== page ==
The VRDT offers a simple and cost-efficient alternative to conventional low-voltage grid expansion by helping release the potential of the medium voltage grid. This is done by effectively decoupling the low voltage from the medium voltage making it available separately, without having to build significant new infrastructure.
With the growth in renewable energy as a distributed energy source it has become clear that new electricity production cannot be integrated into the existing German network in its status quo. Therefore, network expansion is an increasing necessity within Germany. The German low- and medium-voltage level networks, which already accommodate the majority of energy from renewable energy installations, differ in their network structure and need to adapt to handle the changing production-consumption dynamic.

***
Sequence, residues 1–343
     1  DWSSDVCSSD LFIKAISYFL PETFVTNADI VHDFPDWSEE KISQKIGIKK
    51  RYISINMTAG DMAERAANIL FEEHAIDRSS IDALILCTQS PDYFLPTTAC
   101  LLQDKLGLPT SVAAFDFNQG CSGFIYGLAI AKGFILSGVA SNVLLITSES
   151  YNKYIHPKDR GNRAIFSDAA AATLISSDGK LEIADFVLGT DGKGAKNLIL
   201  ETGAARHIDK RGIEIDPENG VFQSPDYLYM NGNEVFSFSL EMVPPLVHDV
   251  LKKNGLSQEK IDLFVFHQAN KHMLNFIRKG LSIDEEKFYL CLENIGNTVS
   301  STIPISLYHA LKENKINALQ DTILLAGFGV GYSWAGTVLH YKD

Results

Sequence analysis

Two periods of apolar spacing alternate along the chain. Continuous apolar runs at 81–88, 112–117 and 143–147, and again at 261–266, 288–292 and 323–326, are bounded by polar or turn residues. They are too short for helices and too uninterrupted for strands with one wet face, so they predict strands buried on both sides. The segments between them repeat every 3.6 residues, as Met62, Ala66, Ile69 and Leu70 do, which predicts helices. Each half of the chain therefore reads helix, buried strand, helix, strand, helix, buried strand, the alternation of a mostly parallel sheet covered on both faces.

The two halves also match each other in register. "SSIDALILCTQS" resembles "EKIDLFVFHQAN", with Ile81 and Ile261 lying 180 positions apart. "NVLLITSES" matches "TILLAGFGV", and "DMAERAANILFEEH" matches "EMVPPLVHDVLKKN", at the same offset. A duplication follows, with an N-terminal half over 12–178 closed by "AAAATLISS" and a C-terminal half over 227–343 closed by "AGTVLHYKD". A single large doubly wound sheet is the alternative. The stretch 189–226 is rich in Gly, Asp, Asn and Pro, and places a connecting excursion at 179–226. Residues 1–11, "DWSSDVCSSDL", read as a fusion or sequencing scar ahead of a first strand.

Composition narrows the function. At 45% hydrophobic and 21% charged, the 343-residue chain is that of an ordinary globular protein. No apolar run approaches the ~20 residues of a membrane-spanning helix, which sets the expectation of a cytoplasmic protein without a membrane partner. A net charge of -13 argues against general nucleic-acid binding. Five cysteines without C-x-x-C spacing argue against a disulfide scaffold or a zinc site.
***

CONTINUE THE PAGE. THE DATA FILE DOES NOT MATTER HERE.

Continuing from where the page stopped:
With the VRDT, Avacon AG has enabled the conversion of a medium voltage bandwidth to a regulated reference voltage at the low voltage bus bar of the local secondary substation (bus bar = metallic strip that conducts a substantial current of electricity). The technology allows the decoupling of the low voltage from medium voltage. In accordance with current regulations, the complete bandwidth of +/- 10% of the nominal voltage is then available for both medium and low voltage separately. The VRDT thus helps to release potential for the medium voltage grid that was formerly reserved for the low-voltage.
This means that the VRDT is improving the voltage quality and becoming a cost-effective alternative to a conventional grid expansion (laying parallel cables and transformer replacements).